CALLER: Yeah, I know. What it says to me is that conservatives are out there bashing each other over the head, and every now and then some liberal would chime in on the board and mock the fact that we were all arguing amongst ourselves. But I tried to keep it positive even though I have my issues with Giuliani and Mitt Romney. Like I said, I do plan on voting for Huckabee, because I do believe he’ll win the nomination —
CALLER: Wait, let me finish. Okay, I know those that attacked him on his issue with taxes. Okay, everybody knows it. I’m not saying this guy is a Ronald Reagan, but Reagan had to raise taxes in his first term when he was governor of California to balance the budget. If you want to get on Huckabee about being soft on crime, talk to the 16 families of the men that were executed in the state of Arkansas. You know, if you want to attack him for what you’ve heard of his foreign policy not being —
RUSH: Charles, that’s what I want to tell you. I didn’t talk.
CALLER: No, no, I’m not talking about you.
RUSH: So you’re speaking generically. I said in another… We’ve had a series of brilliant monologues this week, Charles, and what I said was, ‘This is what a campaign is all about: examining the ideas of these people.’ I’m a conservative. I’m not a 75% conservative. I’m not a 95% conservative. I’m a conservative, and that’s what I’m looking at these guys for, and what I’m trying to find out about them. When they don’t want to talk about certain things and use other firewalls as a means of having to avoid discussing these things, red flags go up. Now, you can tell your little guys on these Democrat blogs that you’re sitting and going back and forth something. The response to those people is: ‘Hey, the Republican Party is where real honest debate is going on these days, the debate of genuine ideas, and there’s nothing wrong with it. That’s what campaigns are all about! Campaigns are not about conformity. They’re about ideas,’ and that’s where I head when I look at people, not personally. I’ve not attacked anybody personally. I’ve not attacked Huckabee. I don’t know him personally. The people that do say he’s extremely nice guy. My only real quarrel personally with Huckabee is he’s for exercise, and I’m not. But that’s it, and that’s not a political issue. But I don’t want to repeat the monologue here in the first hour. It took me about 45 minutes to go through this, and I don’t want to do it again. It will be on the website tonight when we update to reflect the contents of the program.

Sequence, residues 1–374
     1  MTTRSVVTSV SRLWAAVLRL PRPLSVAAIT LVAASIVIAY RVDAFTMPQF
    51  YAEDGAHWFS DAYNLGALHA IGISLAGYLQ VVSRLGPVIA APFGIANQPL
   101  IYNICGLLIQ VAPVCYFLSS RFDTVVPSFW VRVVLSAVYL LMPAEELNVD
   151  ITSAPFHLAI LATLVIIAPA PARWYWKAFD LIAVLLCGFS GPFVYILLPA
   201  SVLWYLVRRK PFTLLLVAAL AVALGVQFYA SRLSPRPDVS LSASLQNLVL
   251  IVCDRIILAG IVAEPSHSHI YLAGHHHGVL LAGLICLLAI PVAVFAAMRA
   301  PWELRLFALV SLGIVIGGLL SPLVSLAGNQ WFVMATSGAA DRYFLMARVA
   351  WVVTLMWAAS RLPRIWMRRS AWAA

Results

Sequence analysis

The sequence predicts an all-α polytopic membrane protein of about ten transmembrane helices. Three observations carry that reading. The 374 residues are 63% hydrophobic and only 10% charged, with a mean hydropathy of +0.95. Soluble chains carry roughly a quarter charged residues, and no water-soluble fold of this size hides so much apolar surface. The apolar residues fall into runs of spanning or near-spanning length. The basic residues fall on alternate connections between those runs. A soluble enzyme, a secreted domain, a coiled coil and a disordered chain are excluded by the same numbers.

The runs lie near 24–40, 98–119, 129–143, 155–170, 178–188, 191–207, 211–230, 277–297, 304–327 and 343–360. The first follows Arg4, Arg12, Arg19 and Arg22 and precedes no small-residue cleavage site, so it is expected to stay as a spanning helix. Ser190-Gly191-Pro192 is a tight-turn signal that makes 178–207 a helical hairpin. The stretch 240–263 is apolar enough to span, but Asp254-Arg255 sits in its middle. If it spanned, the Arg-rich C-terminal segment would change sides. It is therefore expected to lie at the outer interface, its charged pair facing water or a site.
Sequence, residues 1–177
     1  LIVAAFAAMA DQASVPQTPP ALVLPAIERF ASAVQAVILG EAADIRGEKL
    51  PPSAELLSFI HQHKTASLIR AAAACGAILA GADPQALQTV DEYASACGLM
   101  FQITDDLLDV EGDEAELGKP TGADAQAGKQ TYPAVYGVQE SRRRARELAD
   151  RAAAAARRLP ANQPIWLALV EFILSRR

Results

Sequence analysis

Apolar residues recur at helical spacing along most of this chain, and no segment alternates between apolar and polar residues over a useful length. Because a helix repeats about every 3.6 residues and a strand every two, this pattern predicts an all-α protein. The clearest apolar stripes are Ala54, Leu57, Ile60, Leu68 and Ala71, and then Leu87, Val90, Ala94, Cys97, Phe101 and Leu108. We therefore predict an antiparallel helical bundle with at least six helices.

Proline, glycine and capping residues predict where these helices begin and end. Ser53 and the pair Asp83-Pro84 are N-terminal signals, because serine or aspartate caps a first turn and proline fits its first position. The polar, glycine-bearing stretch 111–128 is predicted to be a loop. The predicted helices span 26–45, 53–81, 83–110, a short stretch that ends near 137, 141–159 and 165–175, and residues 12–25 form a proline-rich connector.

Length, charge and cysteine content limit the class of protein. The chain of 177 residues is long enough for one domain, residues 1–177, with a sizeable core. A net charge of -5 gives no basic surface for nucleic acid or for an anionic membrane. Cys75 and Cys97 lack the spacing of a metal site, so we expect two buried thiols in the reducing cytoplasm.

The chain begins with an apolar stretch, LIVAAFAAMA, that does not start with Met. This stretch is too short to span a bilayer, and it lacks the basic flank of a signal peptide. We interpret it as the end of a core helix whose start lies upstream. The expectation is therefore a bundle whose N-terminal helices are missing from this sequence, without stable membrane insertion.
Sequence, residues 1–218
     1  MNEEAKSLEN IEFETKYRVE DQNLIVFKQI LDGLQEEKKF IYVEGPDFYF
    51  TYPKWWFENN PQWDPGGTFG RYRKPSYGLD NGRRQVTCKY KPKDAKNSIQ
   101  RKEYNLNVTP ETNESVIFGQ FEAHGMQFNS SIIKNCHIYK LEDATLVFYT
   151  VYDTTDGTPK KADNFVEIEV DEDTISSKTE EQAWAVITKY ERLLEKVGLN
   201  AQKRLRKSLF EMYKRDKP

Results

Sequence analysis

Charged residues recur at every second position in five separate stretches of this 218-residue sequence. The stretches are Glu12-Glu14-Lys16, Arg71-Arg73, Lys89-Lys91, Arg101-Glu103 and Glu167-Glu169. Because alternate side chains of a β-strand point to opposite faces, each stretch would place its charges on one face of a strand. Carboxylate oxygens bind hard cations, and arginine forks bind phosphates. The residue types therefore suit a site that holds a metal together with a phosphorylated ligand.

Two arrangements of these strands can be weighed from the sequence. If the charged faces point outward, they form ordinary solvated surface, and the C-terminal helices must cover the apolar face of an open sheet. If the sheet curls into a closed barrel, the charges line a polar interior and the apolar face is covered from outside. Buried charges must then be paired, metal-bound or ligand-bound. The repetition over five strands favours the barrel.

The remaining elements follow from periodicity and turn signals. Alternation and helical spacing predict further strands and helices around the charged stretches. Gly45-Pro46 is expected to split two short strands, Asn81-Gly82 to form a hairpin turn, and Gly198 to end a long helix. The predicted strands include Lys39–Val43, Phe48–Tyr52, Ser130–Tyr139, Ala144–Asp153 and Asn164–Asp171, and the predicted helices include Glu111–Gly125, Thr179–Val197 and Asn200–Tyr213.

RUSH: Buster in Chattanooga, Tennessee, you’re next. Welcome to the EIB Network, sir.
CALLER: Thanks, sir. Mega Rocky Top dittos.
RUSH: Thank you, sir.